To create the integrated circuits to support such low levels of power, Medtronic had to partner with its integrated circuit manufacturers to redesign some of their processes to make the electronics as power efficient as possible. “We had to have a deep understanding of how our integrated circuit manufacturers’ processes worked. We had really good models to be able to design the integrated circuits.” 

Phelps says the company's feedback it gave its electronics suppliers ultimately made those companies more effective.  “We can see variation or any problems before anyone else does. We have become sort of a canary in the coal mine in spotting variation that no one else is looking at. That has enabled us to bring our contract manufacturers specific knowledge that helps them as well related to fairly low-volume to high-volume integrated circuit manufacturing,” he says.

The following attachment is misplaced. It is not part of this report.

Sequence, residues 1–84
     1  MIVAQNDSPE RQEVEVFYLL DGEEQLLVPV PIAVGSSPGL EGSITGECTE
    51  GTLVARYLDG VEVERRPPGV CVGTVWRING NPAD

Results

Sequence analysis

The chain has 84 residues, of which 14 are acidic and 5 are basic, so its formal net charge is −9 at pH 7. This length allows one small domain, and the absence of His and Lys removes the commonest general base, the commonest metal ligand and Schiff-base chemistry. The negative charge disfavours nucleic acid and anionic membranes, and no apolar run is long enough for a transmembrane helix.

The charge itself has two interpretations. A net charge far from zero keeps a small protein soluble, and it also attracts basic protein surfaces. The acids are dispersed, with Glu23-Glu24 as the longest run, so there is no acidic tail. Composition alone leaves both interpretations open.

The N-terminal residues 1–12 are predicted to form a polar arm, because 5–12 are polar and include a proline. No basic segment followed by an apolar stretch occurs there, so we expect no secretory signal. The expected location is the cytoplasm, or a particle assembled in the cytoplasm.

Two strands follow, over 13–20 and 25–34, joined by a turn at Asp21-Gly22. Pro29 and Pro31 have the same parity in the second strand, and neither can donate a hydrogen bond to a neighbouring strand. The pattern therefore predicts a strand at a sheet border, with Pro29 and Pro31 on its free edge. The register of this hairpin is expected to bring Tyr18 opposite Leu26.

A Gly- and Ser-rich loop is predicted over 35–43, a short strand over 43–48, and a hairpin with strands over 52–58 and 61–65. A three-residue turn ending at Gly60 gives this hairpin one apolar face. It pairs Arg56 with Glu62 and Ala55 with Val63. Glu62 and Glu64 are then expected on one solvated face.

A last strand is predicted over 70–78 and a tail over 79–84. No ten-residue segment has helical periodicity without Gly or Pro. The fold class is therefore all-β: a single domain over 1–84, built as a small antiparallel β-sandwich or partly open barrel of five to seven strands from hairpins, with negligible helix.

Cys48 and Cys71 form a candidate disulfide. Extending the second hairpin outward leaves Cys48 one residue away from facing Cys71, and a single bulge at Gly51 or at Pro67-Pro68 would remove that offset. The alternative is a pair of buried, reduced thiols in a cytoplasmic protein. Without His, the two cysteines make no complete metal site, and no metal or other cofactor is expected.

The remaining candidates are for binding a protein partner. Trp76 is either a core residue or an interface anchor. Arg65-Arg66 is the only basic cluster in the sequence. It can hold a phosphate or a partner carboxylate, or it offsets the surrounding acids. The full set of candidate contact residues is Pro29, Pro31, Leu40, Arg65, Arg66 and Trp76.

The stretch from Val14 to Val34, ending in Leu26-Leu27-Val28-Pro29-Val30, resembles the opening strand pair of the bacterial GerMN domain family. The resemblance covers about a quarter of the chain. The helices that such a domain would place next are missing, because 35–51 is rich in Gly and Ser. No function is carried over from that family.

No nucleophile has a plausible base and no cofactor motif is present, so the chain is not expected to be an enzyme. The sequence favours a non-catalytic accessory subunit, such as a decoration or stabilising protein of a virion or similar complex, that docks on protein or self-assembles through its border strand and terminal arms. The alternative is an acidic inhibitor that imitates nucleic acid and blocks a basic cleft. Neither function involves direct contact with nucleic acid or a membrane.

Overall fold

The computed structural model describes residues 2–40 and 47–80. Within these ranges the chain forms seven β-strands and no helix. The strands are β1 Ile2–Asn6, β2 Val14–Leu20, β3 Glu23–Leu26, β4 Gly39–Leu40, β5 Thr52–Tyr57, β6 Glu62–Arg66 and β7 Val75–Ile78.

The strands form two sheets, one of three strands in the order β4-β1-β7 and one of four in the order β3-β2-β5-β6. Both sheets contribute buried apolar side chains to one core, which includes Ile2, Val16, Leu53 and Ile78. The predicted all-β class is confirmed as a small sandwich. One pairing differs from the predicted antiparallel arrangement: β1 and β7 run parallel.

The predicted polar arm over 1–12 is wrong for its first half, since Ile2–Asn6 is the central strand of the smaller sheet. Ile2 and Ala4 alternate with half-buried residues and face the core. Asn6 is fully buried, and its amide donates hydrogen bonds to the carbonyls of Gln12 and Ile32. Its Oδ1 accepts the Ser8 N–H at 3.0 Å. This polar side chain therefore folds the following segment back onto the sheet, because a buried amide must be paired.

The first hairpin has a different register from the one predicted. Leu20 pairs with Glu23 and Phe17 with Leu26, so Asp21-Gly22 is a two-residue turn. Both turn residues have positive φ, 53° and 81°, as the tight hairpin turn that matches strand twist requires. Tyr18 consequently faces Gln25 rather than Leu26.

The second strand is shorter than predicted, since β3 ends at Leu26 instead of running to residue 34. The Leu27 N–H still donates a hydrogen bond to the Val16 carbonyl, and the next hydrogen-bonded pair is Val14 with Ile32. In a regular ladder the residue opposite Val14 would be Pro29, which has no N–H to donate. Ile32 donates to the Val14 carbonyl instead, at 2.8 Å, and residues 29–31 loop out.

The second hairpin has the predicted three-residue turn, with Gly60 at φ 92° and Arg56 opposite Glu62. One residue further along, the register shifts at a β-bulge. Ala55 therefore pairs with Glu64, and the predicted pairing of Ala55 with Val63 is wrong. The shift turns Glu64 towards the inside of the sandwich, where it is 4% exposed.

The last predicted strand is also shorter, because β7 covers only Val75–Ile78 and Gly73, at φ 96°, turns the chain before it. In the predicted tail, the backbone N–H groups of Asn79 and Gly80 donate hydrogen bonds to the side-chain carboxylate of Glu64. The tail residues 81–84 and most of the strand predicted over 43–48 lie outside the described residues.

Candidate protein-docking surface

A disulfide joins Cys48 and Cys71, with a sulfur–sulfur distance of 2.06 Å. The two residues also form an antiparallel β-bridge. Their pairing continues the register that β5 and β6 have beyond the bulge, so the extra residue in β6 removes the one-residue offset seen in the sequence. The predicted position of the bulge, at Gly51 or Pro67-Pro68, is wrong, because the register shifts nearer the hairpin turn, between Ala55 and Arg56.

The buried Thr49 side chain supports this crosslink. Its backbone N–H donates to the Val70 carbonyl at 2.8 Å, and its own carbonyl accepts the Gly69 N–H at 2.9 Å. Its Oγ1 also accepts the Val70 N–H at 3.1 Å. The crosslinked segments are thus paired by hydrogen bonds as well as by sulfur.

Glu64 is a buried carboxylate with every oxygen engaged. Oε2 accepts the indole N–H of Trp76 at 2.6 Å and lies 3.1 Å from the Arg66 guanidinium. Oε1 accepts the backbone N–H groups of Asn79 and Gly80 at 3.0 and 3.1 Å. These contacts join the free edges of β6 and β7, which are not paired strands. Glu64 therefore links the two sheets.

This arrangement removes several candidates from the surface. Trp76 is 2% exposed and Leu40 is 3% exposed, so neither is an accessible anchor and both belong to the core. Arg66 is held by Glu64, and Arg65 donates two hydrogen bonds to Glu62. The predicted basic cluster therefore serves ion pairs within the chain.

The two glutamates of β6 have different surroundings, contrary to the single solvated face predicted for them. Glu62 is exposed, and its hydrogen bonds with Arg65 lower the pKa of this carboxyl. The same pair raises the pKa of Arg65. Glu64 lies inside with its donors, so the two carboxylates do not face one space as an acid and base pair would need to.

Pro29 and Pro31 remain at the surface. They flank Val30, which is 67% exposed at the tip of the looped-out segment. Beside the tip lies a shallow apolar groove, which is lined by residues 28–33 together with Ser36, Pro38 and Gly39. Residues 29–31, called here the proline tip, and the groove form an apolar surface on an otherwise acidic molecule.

Creating custom electronics for medical device applications can be an expensive proposition, requiring the development of components that are markedly different from those used in the consumer electronics field. “Most consumer electronics are trying to operate as fast as possible. But the human body is fairly slow in terms of the signal processing you need to do,” Phelps says. “We are sort of a different design space; we don’t need the speed to get to the very low power.”

Density

Creating a tiny pacemaker also requires devising highly dense electronics packaging. “All of our integrated circuits are all very thin and are stacked on top of each other and are packaged on a very dense module,” Phelps says. “It has wireless functionality, so we had to redesign or create our own wireless antenna, and that had to go inside the device but in a way where it is integrated.”